The Atlantic

When Conservatives Oppose 'Religious Freedom'

Christian conservatives who defend the rights of Muslims have come under attack by their ideological brethren.
Source: Mike Stone / Reuters

On March 28, Pamela Geller, co-founder of the group Stop Islamization of America, wrote a column on Breitbart that offered Donald Trump some advice: “Clean house.” Paul “Ryan has got to go. James Comey, too,” she urged. Then she added a more obscure name: “What’s Eric Treene still doing there?”

Treene, the Special Counsel for Religious Discrimination in the Justice Department’s Civil Rights Division, is at first glance an odd Breitbart target. For starters, he’s a conservative evangelical Christian. His denomination, The Presbyterian Church in America, opposes abortion and gay marriage, and ordains only men. Before joining the Justice Department, Treene worked at the Becket Fund for Religious Liberty, which later represented Hobby Lobby in its demand to be exempt from the Affordable Care Act’s mandate to cover contraception. When John Ashcroft hired Treene at the Justice Department in 2002, the anti-abortion group Faith and Action called it “a new day for Christians in Washington.” The liberal American Prospect, by contrast, warned that his appointment might be part of George W. Bush’s agenda for “moving us toward a form of Christian nationhood.”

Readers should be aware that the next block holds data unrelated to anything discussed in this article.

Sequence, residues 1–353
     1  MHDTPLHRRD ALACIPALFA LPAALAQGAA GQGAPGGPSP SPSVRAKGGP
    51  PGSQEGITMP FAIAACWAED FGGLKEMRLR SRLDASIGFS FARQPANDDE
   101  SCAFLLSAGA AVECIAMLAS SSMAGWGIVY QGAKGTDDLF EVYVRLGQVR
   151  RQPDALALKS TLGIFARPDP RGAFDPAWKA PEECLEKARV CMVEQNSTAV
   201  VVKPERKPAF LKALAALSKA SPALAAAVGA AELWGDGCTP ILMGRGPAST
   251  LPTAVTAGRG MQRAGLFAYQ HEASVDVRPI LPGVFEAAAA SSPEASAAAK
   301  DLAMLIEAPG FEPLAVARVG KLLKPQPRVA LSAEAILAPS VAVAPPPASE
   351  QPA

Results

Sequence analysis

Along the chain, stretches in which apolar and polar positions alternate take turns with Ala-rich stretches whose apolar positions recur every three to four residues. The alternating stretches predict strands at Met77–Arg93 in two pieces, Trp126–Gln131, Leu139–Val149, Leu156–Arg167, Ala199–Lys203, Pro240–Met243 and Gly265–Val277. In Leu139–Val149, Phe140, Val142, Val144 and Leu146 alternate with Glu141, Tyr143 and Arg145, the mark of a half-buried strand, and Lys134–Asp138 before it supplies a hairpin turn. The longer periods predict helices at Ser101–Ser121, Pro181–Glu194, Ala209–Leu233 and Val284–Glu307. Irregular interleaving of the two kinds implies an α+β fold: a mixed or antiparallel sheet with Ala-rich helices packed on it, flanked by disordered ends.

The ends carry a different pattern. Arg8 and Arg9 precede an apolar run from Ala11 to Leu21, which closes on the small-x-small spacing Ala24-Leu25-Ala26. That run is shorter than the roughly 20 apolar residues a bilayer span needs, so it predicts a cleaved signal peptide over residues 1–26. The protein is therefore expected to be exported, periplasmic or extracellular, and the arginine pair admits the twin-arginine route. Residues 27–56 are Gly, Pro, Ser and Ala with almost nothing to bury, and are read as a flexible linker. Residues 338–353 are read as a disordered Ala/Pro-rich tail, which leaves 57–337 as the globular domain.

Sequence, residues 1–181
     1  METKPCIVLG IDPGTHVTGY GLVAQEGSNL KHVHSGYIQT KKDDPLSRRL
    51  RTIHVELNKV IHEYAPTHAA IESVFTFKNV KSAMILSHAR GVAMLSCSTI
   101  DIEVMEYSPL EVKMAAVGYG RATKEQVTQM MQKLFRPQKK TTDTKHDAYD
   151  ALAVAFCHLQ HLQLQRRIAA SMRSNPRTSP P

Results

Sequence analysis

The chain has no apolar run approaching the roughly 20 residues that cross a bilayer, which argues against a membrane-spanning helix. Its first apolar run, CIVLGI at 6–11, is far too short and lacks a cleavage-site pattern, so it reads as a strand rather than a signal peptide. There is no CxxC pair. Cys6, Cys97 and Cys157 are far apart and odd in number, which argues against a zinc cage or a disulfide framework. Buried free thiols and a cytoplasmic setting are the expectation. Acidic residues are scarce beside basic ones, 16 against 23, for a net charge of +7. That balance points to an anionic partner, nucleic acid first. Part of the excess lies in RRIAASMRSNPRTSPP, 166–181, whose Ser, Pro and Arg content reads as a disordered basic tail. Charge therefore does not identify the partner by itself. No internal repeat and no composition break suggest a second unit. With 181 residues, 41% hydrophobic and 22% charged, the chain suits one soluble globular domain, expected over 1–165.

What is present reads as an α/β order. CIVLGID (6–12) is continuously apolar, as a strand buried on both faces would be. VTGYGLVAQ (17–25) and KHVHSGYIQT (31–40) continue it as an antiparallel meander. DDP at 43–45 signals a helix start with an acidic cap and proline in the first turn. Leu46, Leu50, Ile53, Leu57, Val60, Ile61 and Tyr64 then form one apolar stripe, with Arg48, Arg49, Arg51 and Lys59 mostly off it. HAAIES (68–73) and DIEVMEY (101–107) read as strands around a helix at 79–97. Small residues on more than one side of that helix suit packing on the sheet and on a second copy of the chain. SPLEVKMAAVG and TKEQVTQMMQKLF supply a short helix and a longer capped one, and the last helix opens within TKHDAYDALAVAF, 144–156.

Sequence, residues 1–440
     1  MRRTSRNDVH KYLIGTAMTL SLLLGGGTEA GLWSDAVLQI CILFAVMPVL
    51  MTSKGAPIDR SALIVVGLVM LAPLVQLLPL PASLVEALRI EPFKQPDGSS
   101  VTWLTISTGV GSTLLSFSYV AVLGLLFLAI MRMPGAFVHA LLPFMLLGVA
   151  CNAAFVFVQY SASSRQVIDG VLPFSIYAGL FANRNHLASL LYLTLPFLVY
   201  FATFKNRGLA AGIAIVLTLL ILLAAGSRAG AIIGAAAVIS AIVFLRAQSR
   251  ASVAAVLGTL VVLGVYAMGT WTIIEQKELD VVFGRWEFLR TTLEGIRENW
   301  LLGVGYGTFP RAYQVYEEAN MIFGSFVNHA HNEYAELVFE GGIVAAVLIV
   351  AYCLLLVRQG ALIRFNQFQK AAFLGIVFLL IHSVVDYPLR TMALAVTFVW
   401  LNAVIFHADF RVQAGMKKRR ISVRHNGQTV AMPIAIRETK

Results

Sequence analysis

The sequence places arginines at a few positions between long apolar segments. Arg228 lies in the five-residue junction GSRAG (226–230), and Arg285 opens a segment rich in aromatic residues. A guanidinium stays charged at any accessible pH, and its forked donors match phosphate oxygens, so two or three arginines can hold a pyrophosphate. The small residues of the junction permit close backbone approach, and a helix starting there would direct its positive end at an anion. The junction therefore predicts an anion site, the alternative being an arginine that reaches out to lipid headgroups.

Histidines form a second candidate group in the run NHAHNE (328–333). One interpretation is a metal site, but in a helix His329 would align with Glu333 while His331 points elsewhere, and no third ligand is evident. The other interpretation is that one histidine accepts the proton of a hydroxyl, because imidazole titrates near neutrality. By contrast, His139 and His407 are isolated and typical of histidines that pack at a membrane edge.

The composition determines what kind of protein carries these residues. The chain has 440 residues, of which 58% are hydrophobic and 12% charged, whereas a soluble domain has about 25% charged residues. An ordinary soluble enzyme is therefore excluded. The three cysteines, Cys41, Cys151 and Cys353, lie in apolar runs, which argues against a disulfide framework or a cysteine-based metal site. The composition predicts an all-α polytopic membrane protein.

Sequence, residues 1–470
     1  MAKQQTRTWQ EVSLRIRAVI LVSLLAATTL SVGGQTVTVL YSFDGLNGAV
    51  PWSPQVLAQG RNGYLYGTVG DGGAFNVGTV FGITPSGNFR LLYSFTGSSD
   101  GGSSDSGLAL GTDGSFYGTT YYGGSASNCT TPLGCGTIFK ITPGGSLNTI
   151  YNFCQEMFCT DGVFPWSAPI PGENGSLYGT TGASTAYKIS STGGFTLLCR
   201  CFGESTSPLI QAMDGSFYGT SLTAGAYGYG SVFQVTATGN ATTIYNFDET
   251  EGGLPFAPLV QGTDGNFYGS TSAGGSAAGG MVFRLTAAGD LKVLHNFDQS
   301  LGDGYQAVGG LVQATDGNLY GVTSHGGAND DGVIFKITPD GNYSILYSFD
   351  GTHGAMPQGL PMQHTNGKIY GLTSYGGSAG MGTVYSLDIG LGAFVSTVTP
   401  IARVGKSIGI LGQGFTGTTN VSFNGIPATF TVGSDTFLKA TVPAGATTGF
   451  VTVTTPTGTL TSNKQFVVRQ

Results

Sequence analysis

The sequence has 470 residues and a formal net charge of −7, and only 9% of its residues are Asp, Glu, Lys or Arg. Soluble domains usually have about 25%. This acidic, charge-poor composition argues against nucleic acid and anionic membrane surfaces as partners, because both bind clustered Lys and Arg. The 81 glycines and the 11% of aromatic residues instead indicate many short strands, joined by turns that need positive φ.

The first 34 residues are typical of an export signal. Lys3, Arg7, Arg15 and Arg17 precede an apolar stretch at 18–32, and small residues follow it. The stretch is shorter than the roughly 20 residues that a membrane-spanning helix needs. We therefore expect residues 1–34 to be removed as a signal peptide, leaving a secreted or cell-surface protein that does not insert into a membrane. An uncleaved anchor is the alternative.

Despite all this, Treene has become a reviled figure on the Trump-era right. His sin: defending the religious freedoms of American Muslims. Treene, declares Geller, serves as an “errand boy” for “Muslim Brotherhood operatives,” by which she means the leaders of America’s major Muslim organizations. And it’s not just Geller. Treene’s work has also come under attack from his fellow Christian conservatives. When the Justice Department filed an amicus brief defending a Muslim prisoner’s right to grow a beard in 2014, Robert Spencer, who the National Catholic Register has called the “foremost Catholic expert on Islam in our country,” accused Treene and his colleagues of

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